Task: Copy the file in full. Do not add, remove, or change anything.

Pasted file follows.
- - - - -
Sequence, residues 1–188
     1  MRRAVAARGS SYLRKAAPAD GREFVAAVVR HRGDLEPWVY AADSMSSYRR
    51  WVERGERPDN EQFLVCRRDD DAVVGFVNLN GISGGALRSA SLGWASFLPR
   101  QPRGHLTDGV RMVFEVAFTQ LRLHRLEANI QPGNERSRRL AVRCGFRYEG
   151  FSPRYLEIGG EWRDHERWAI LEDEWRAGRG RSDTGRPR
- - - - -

Sequence, residues 1–188
     1  MRRAVAARGS SYLRKAAPAD GREFVAAVVR HRGDLEPWVY AADSMSSYRR
    51  WVERGERPDN EQFLVCRRDD DAVVGFVNLN GISGGALRSA SLGWASFLPR
   101  QPRGHLTDGV RMVFEVAFTQ LRLHRLEANI QPGNERSRRL AVRCGFRYEG
   151  FSPRYLEIGG EWRDHERWAI LEDEWRAGRG RSDTGRPR